For more than a hundred years, the tools of journalistic production – the ability to report, photograph and record events and distribute that material to a mass audience – have resided in the hands of a small group of people who, by convention and by law, have been called journalists.
But in this 21st century the tools of production now belong to just about everyone. Thanks to "Web 2.0" technology – blogs, wikis, social networking sites like Facebook and Twitter and video sharing sites like YouTube – billions of people can transmit text, photos, and video instantly to a worldwide audience at virtually no cost. The tools of journalism are no longer the exclusive preserve of journalists.
Web 2.0 has made the creation of highly interactive online communities both easy and inexpensive. And these online communities have become important reference points in many people's lives, often replacing more traditional sources of influence, including journalists.
What is now called the "mainstream media" has lost its control over the tools of its trade, and its importance as a centre of social and political influence. The business and philosophical model both appear to be broken, perhaps irrevocably.
There is much to celebrate about this democratization of the media, but there are also reasons to be concerned about the loss of an independent, professional journalistic filter at a time when everyone can be their own media. Can online communities of "citizen journalists" be counted on to help us make informed choices as citizens and consumers? What's lost, and what's gained when "News 1.0" gives way to "News 2.0?"
What is Web 2.0?
Definition: Web 2.0
Web 2.0 is a term that is generally applied to the second generation of internet applications that first began to appear about 10 years ago. The dominant trait of Web 2.0 is its interactivity: ordinary people can easily contribute to online discussions, and not remain simply on the receiving end of information.
The big change between Web 1.0 and 2.0 was in the level of interactivity that Web 2.0 provided. Think about the difference between a website (1.0) and a blog (2.0): Back in a Web 1.0 world (1990's) websites were created by IT people who knew the secret language. And they were essentially one-way presentations. Blogs (shortform for "web-log") can be set up by anyone with an internet hookup. And anyone can join the conversation.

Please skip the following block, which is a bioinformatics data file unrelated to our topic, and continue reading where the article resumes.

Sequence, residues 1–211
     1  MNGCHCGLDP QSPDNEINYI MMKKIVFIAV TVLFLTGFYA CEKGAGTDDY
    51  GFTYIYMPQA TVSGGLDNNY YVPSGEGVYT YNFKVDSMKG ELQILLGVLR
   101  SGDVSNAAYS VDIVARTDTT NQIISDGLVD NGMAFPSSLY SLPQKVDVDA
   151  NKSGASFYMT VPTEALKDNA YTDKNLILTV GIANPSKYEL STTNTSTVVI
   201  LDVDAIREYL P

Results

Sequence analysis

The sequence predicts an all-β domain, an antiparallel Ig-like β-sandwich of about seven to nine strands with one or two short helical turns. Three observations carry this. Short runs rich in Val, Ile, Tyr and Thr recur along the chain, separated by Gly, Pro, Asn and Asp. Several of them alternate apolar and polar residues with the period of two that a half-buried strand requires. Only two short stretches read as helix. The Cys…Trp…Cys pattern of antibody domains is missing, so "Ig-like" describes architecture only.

Blogs remain very popular, but in many ways, they have been superceded by newer products of the Web 2.0 revolution. The social networking site Facebook now has over 200 million users worldwide. Video and photo sharing sites like YouTube and Flickr have become staples of everyday life. And "twitter" is no longer just a noise that birds make. Then there are "wiki" sites like Wikipedia that allow people to work collaboratively to share information and solve problems. Web 2.0 has made the formation of online communities easy and inexpensive, with revolutionary consequences.
What's the difference between News 1.0 and 2.0?
When journalists were first introduced to Web 1.0 tools in the 1990s they thought their world had truly been transformed. Websites gave them access to more information than had ever been easily available before. And email made it much simpler to communicate with people around the world.
But in retrospect, it's now clear that not much had actually changed. In a News 1.0 world, the conversation between journalists and their audience was still mostly one-way. Still, only people who worked for print or broadcast outlets had the ability to reach mass audiences instantaneously.
In the News 2.0 world, all that has changed. Journalists have lost their monopoly. Because everyone now has the ability to send stories, pictures, and videos around the world with the click of a mouse, the lines separating reporters, editors and audiences have become very blurry. Journalism has gone from being a quasi-profession – it has no enforceable codes like doctors or lawyers – to an activity where anyone can participate.
The American writer A.J. Liebling once wrote that "freedom of the press is guaranteed only to those who own one." In News 2.0, everyone's a press owner.
Suggested reading and interviews
Here's some information about some of the people that you'll hear from in this series, along with suggested reading and transcriptions of the interviews I conducted with them.